At first I felt that I had nothing to contribute to our church’s Watch Night service. Besides, our pastor had the main preaching segment covered. I was tired, still feeling the effects of all the changes I went through in 2007. But on the afternoon of 31st December, a passage came to me. It was Luke 6:12-19, and it reminded me of the three primary calls upon our lives as followers of Jesus Christ. (I am indebted to Henri Nouwen for helping me see the three movements in Jesus’ actions in this passage. For a recent summary of his insights on this passage, see Spiritual Direction, San Francisco, CA: HarperCollins, 2006, pp.109-125.)
1. The call to seek the Lord
One of those days Jesus went out to a mountainside to pray, and spent the night praying to God. (Luke 6:12 TNIV)
Our relationship with our Maker, Saviour and Lord is our primary relationship. We get that right and everything else falls into place. We get that wrong and we lose the integrating centre of our lives. It would seem then that as a church and as individual followers of Jesus, nothing is more important this or any other year than the intentional pursuit of our relationship with our Lord. Our busy, noisy, driven world will give us little encouragement to do this. We have to make it happen.
Henri Nouwen’s comments on Jesus’ practice of seeking a solitary place to pray early each morning, recorded in Mark 1:35:
Somewhere we know that without a lonely place our lives are in danger. Somehow we know that without silence words lose their meaning, that without listening speaking no longer heals, that without distance closeness cannot cure. (Out of Solitude, Notre Dame, IN: Ave Maria Press, 2004, p.18)
In a confusing, rapidly changing, and increasingly violent world, our first call is to seek the Lord.
2. The call to the community
When morning came, he called his disciples to him and chose twelve of them, whom he also designated apostles… (Luke 6:13 TNIV)
I am an activist at heart. I worship at the shrine of Martha. My first questions in response to a situation are “What can I do? How can I be useful?” The divine pattern is different. When Jesus comes down from his mountainside prayers, He doesn’t rush into ministry. The first thing He did was to select His team of apostles. He builds a community.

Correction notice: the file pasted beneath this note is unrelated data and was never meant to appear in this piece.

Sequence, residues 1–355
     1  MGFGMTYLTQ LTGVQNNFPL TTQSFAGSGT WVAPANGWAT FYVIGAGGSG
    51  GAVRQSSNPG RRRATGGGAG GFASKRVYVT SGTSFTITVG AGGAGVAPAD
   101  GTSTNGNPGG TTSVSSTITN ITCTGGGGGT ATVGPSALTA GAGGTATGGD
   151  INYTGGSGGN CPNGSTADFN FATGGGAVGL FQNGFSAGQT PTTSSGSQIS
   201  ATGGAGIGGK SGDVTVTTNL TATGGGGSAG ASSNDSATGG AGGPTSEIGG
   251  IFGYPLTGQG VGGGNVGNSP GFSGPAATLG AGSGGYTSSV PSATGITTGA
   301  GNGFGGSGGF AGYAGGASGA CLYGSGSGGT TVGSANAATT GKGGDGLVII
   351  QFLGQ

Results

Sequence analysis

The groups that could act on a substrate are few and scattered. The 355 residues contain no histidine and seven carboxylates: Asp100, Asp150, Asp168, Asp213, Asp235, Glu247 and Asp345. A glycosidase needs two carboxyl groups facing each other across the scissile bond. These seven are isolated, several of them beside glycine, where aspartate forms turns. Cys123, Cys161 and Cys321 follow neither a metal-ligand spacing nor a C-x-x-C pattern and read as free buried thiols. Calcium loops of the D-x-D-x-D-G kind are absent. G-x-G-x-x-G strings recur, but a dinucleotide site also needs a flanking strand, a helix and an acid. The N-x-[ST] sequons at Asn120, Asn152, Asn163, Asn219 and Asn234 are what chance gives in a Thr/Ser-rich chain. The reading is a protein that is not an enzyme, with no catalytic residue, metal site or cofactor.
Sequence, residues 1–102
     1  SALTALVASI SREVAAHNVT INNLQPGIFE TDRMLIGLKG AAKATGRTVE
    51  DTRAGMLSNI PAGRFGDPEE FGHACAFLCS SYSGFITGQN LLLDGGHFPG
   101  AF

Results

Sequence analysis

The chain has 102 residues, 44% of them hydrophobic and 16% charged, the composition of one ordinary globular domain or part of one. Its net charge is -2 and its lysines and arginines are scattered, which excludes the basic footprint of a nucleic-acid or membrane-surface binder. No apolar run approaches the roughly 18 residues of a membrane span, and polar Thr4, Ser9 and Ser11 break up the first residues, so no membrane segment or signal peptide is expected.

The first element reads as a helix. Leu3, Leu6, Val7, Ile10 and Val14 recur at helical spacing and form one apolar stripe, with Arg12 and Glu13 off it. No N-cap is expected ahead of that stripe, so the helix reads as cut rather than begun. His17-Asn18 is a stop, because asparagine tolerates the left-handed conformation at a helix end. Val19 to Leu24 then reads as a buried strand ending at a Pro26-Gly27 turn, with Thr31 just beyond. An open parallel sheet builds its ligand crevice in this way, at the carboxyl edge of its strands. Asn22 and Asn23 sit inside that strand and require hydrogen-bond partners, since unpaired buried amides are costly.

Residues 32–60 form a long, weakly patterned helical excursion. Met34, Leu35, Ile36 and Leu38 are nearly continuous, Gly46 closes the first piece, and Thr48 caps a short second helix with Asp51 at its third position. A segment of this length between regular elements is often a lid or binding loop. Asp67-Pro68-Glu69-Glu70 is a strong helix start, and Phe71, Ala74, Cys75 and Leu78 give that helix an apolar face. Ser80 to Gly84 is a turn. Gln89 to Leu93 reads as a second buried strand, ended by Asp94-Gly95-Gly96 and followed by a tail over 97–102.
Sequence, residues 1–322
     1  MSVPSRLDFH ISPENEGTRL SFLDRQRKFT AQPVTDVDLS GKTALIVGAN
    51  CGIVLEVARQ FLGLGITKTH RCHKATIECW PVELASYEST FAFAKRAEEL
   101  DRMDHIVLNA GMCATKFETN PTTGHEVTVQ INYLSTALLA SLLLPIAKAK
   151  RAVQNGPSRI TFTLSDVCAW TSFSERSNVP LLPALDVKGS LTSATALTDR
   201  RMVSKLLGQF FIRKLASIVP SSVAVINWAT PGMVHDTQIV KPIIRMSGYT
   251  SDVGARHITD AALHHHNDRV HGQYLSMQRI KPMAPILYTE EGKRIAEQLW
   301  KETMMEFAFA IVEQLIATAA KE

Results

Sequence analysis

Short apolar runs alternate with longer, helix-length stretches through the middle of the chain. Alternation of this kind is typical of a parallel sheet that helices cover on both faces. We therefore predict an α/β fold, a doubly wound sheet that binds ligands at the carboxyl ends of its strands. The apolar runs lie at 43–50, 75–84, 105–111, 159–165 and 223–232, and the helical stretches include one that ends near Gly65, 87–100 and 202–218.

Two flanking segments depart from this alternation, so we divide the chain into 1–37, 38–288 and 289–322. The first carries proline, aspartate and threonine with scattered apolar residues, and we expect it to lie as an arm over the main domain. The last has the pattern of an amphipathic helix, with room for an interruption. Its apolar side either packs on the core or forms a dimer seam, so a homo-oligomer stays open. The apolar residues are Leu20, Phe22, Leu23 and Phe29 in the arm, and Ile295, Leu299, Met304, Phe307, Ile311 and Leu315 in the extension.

In doing so Jesus is only doing what God has been doing throughout history. In Genesis, God gives humankind the responsibility to manage His creation. But humankind is only properly equipped to do so when they have a team — Adam and Eve. The rest of the Old Testament is God working out His purposes in history through another community — Israel. And now Jesus puts another team together.
How can we serve a broken world when our own hearts are crippled by loneliness? How can we help others if we function apart from the life-giving synergy that God intended? We must make time to build healthy relationships and healthy communities before we rush on to do anything else. If our first call is to seek the Lord, our next call is the call to community.
3. The call to ministry
He went down with them and stood on a level place. A large crowd of his disciples was there and a great number of people from all over Judea, from Jerusalem, and from the coastal region around Tyre and Sidon, who had come to hear him and to be healed of their diseases. Those troubled by evil spirits were cured, and the people all tried to touch him, because power was coming from him and healing them all. (Luke 6:17-19 TNIV)
This has been somewhat of a muted New Year. We ended the year with death in our face — the murder of Benazir Bhutto, the communal violence in Kenya, the ongoing bleeding in Afghanistan and Iraq, the persecution of Christians in Orissa, India — our pastoral prayers cover an ever increasing list of tragedies. We enter a new year where injustice, disease and death maim and cripple many. Sometimes it can all be so overwhelming.
We can either throw in the towel. Or embrace the reality that we were chosen to be God’s people for this time and recommit ourselves to be channels of God’s healing power to a broken world.
It is an impossible task. It is God’s task. Which is why we must do it God’s way. And that means respecting the sequence of the three calls. Our first call is to seek the Lord. If we are not rooted in Him we can do nothing. Next, we are to be in community. We are not to go it alone. And only then are we to minister.
The needs before us as are dire. But rooted in God and community, we find life. We can make a difference.
The spiritual journey moves us from solitude to community and to ministry as we follow Jesus … Jesus spent time on the mountain at night in solitary prayer. He came down in the morning and formed community. Then, in the afternoon, with his apostles, he went out and healed the sick and proclaimed the good news (Nouwen, Spiritual Direction, p.110).
Let us follow Jesus into 2008.